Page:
My SageTV System - Home Theater Forum and Systems -

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post #1 of 10 Old 03-13-08, 01:37 PM Thread Starter
Join Date: Sep 2006
Location: Naperville, Illinois
Posts: 179
My System
My SageTV System

First off, I have no affiliation with SageTV other than being a customer.
But, as a customer I thought I would share a bit about a recent addition to my home theater based on SageTV's products.

For the past few years, since I bought my first HDTV, I've been using a Sony DHG-HDD250 DVR. This is a discontinued product that was only offered for a short time (less than a year, maybe?). It uses the TV Guide On Screen (TVGOS) infrastructure which sends program guide information as part of local broadcast networks' signal. Plus it's fully HD compatible with both clear QAM and ATSC tuners as well as cablecard support. So, it's pretty much a Tivo HD but without any monthly fees since the TVGOS information is send free over the air. It's a great little box that for whatever reason Sony decided to cancel.

Anyway, my wife started asking for a DVR in the bedroom. But the Sony DHGs like the one I had were still selling used for over $300 on e-bay. (I bought mine new for $400, iirc.) Also, I was thinking that it would be nice to be able to watch anything anywhere. Since the Sony boxes are stand alone boxes, you can only watch what was recorded on the given box. Tivo has the capability to share recordings between boxes, and I was seriously considering going the Tivo route - even though I really didn't want to pay a monthly fee. I was also looking at going along an HTPC route using something like MythTV but, there were two main issues I kept coming across when researching HTPCs: fan noise and video output challenges. Although both these issues are solvable, they definitely scared me in terms of the sort of money I would have to throw at the problem and/or just figuring out what the right solution needs to be.

But, then I caught wind of SageTV's STX-HD100 media extender. The HD100 is a HiDef media extender that interfaces with SageTV's media center software. It is a small, fanless box with HDMI and component video outputs (as well as composite video out) and HDMI and SPDif audio output options (as well as RCA stereo out).

So, it solves my two HTPC issues - no fan and built-in HiDef video and audio support. Although a media server PC is still needed to run the SageTV software and feed the extender, that PC can sit in a basement or closet where fan noise is not an issue and that PC can just use basic VGA video output - if that. (I run mine without any monitor and just use VNC to remotely manage it when I need to - which is pretty much never.) Plus there are no monthly fees involved which solves my Tivo issue. The SageTV Media Center software costs $80 by itself or it can be had for $60 when bundled with a piece of hardware. The HD100 media extender costs $200 each. Although the extender is not cheap, it's not overly expensive either and most importantly, it works great.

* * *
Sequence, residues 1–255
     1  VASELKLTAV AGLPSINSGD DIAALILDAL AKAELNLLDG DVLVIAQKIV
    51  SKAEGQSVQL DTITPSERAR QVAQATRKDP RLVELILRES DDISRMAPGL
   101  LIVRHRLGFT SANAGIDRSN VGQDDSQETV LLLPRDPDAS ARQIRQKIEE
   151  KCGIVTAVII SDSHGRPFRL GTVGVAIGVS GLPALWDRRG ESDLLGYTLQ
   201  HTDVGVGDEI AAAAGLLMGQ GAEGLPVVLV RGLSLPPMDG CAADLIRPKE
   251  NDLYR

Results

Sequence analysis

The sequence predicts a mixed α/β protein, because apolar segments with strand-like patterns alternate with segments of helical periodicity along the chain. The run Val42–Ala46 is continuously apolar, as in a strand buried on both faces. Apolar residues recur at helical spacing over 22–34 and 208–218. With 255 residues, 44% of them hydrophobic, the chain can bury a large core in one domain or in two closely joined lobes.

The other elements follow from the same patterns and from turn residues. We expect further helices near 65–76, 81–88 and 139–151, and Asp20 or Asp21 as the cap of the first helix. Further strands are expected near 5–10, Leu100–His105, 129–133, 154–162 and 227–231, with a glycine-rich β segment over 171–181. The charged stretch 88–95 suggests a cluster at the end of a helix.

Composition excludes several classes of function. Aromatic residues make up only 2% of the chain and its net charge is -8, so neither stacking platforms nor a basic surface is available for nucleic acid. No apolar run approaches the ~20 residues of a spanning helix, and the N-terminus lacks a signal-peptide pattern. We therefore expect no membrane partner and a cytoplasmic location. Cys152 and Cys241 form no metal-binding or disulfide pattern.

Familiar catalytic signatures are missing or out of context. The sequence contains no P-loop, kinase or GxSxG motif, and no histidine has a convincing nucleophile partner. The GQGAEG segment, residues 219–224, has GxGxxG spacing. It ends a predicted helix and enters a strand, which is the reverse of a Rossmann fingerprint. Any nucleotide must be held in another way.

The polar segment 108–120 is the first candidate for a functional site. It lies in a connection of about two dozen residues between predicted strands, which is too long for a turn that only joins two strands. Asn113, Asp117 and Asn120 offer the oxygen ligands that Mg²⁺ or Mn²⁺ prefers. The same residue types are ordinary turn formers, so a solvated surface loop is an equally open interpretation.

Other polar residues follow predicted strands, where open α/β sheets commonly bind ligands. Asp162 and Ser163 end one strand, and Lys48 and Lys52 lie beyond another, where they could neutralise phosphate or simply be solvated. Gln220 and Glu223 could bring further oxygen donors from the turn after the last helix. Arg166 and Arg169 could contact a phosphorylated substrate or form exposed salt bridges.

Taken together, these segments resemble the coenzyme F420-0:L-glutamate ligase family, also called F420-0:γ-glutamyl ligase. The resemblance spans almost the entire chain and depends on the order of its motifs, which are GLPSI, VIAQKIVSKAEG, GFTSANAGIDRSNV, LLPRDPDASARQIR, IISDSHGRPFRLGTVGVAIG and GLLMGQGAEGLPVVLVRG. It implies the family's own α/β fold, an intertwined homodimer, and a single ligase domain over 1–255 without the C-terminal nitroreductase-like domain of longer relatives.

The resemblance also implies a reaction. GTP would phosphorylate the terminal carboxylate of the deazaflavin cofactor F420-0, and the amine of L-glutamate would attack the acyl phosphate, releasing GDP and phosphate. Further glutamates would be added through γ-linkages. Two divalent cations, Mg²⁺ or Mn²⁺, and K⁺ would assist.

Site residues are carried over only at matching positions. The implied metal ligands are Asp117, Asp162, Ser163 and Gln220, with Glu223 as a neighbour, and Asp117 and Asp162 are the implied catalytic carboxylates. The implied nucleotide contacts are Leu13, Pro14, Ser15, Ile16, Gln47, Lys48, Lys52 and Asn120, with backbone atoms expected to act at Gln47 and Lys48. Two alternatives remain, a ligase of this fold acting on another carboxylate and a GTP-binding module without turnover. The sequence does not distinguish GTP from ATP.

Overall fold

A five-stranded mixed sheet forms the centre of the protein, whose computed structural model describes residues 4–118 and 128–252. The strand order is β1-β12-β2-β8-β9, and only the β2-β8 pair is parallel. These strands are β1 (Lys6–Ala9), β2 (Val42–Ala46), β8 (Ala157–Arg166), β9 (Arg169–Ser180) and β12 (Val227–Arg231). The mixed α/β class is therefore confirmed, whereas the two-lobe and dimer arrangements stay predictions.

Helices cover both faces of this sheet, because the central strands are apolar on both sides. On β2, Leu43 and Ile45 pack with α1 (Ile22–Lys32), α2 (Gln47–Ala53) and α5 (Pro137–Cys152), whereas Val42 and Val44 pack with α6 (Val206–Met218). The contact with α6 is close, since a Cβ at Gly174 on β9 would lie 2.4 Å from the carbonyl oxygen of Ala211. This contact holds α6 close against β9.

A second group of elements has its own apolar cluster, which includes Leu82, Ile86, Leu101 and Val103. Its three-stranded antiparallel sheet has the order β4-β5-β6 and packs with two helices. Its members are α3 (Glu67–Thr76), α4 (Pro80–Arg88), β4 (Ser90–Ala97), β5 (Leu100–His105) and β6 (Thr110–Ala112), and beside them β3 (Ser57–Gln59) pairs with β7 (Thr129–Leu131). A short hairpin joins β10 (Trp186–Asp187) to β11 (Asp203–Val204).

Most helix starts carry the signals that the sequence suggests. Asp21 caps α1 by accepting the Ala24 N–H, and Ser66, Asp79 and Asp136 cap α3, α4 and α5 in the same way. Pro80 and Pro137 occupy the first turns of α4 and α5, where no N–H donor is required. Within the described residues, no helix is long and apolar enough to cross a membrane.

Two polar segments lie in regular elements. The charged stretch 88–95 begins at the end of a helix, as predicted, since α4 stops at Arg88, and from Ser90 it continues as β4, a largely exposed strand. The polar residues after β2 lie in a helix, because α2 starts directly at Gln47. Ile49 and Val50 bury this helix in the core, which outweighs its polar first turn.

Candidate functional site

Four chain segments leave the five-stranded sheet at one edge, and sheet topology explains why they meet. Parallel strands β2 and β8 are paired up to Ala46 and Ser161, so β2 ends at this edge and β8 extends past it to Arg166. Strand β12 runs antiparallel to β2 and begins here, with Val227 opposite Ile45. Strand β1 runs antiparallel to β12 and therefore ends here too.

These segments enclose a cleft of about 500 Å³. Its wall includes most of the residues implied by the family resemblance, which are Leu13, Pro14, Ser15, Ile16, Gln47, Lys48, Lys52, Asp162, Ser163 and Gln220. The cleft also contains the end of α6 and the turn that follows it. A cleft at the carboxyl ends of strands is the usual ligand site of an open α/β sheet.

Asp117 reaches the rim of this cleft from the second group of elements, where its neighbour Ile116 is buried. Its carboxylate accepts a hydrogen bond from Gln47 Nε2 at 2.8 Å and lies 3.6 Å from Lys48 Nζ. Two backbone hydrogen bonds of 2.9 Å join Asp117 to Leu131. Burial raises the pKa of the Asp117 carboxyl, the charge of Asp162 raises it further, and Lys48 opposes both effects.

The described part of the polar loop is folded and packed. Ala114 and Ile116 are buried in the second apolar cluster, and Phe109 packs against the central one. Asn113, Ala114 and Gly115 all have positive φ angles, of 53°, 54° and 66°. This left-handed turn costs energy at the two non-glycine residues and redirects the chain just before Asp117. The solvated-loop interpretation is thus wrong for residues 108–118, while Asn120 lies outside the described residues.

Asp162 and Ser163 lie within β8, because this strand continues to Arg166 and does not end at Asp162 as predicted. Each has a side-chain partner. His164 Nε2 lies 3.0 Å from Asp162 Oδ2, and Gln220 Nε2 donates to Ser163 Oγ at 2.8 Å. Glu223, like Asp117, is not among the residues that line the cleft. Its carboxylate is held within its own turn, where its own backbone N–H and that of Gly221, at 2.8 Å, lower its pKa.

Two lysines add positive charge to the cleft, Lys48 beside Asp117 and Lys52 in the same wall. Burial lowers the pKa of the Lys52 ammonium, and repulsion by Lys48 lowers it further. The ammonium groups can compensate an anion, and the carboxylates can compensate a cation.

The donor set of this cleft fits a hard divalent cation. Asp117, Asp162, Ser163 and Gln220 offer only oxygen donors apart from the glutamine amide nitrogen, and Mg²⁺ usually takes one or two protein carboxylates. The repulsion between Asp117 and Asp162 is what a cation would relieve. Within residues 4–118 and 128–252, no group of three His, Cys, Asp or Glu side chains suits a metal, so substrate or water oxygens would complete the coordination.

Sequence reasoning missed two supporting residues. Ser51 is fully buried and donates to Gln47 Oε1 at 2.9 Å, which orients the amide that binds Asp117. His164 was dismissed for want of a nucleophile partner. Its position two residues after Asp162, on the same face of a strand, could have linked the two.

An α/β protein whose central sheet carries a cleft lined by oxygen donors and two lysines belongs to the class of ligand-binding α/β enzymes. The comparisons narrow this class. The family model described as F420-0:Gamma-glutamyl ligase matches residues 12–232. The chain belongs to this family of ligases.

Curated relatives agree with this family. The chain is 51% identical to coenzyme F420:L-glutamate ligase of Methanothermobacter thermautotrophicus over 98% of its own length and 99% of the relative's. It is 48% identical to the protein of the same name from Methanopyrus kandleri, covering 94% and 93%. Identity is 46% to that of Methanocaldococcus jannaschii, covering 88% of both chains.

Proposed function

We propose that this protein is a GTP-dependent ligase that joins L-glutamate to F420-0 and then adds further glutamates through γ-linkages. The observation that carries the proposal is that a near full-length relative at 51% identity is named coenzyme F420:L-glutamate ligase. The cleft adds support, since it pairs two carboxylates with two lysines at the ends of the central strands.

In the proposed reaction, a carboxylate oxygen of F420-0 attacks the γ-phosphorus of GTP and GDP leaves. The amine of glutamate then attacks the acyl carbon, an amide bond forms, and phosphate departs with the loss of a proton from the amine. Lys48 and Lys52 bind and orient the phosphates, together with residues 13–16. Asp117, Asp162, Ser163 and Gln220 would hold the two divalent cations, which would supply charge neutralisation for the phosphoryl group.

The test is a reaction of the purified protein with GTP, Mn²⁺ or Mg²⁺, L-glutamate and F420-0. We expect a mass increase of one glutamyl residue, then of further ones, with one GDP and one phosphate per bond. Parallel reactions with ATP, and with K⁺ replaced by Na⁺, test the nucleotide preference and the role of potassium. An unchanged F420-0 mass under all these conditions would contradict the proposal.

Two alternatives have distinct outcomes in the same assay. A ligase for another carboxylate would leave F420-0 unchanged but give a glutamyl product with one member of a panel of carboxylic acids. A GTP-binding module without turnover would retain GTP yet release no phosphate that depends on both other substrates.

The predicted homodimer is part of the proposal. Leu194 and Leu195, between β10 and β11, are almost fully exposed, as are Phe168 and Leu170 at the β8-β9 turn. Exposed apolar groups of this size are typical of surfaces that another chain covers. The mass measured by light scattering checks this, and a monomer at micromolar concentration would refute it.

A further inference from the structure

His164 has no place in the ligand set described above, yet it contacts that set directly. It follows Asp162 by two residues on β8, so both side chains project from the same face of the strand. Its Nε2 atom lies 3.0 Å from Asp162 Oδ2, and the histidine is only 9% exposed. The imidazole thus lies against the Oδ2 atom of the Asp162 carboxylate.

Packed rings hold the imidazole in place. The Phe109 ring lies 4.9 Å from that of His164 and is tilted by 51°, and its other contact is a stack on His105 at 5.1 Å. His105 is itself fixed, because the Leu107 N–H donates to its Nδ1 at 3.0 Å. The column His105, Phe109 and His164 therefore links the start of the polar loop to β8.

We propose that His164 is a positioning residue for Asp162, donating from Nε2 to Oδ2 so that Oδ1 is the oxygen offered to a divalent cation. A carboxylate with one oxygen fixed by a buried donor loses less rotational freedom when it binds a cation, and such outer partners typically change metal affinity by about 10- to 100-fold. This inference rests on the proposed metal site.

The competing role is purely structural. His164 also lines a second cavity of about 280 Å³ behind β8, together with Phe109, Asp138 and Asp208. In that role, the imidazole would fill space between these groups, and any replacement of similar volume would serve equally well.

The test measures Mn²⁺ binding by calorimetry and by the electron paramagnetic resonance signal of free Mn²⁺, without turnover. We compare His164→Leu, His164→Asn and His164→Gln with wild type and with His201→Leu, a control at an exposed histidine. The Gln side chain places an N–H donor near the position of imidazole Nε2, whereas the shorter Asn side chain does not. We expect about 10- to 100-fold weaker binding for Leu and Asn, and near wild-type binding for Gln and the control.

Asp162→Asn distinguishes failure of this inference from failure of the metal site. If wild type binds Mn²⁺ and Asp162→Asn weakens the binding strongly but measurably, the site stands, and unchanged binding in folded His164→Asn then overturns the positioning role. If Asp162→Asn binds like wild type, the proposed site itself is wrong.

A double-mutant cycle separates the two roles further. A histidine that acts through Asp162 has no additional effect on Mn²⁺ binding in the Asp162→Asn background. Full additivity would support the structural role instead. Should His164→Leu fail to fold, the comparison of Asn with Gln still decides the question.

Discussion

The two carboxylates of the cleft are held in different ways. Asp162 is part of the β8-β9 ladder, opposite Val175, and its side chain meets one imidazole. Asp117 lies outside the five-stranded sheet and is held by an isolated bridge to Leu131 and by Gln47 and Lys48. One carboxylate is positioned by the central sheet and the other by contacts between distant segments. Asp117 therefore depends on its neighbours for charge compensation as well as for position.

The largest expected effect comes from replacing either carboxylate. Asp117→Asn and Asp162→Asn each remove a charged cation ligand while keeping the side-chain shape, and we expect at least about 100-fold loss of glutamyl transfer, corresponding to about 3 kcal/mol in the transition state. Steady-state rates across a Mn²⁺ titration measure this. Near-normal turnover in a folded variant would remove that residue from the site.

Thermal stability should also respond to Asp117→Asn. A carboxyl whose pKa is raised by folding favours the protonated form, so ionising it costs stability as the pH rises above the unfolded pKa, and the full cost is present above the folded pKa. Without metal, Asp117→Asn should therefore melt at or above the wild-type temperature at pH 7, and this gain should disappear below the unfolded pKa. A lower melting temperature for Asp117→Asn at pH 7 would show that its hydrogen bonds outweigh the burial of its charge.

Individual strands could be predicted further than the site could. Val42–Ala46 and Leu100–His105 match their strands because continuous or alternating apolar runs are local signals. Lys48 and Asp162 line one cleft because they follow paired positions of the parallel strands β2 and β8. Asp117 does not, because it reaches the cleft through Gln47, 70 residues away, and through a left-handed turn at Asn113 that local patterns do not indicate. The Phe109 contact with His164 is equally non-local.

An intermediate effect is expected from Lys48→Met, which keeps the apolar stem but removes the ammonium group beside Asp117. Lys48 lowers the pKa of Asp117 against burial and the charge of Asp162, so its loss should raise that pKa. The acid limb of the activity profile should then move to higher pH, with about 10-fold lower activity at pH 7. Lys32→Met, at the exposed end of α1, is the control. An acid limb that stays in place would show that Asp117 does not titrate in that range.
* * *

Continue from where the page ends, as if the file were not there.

I decided to build the media server PC (instead of buying an off-the-shelf PC) because I had never built a PC before and wanted to try it. I bought a barebones system and added the couple of bits that were needed to finish the PC - including Windows XP. Sage supports Linux, but I figured the $80 for XP was worth not having to learn Linux as well. It turned out that putting the PC together was much easier than I thought. I had the unit built and running in one afternoon.

That said, one could easily buy an off-the-shelf PC and be fine - especially if using the media extenders since the server doesn't have to work that hard if it's not doing the video output work. Similarly, Sage offers a product compatible with Windows Home Server boxes.

For tuners, I have an HD Homerun (two tuners) for my clear QAM signals. Then I have two Hauppage PVR-1600s which are right now just tuning my analog cable channels. The 1600 has an ATSC/QAM tuner as well but the two tuners on the HDHR are sufficient for now. So, I have two HD tuners and two SD tuners.

Anyway, the set up is working great. Just last night I was recording two HD programs and two SD programs at the same time without even a hiccup.

The media server PC that runs SageTV and interfaces with the tuners consists of a 2.0GHz Core 2 Duo chip, 3GB RAM, a 160GB drive for the OS, and a 250GB and 500GB drive for media. Besides the recordings, I've also backed up DVDs on there and all my digital photos and my FLAC music collection on there. SageTV lets you play back non-DRM DVDs and display photos through the interface. SageTV also plays music, but I prefer my Squeezebox for that and so the media server PC also feeds my Squeezebox.

So, how much did all this cost me? The media server PC plus the tuners (including the HD Homerun) and software probably added up to around $1000. Plus each extender costs $200. So when all is said and done, the total is about $1400.

So, if I was just looking for an HD DVR, then picking up a used Sony DHG DVR on ebay is definitely a more cost effective way to go.

Comparing it to Tivo, it looks like you can pick up Tivo HDs for about $300 each and 3-year service plans for $300 each. So, assuming I want 2 Tivos, I break even against the Tivo route after about 3 years.

But, the SageTV is really much more than the Sony box and the Tivo box. It is extremely customizable due to a large user population that develops custom features for the product (akin to the plugin community surrounding the squeezebox).
The SageMC customized interface replaces the out-of-the-box SageTV interface and is infinitely customizable. Or you can download others' customizations and just use that. Similarly, there are commercial skipping add-ons that work great so that when you playback a recorded program (that has been processed by the commercial detection software plugin) the system automatically skips over the commercials.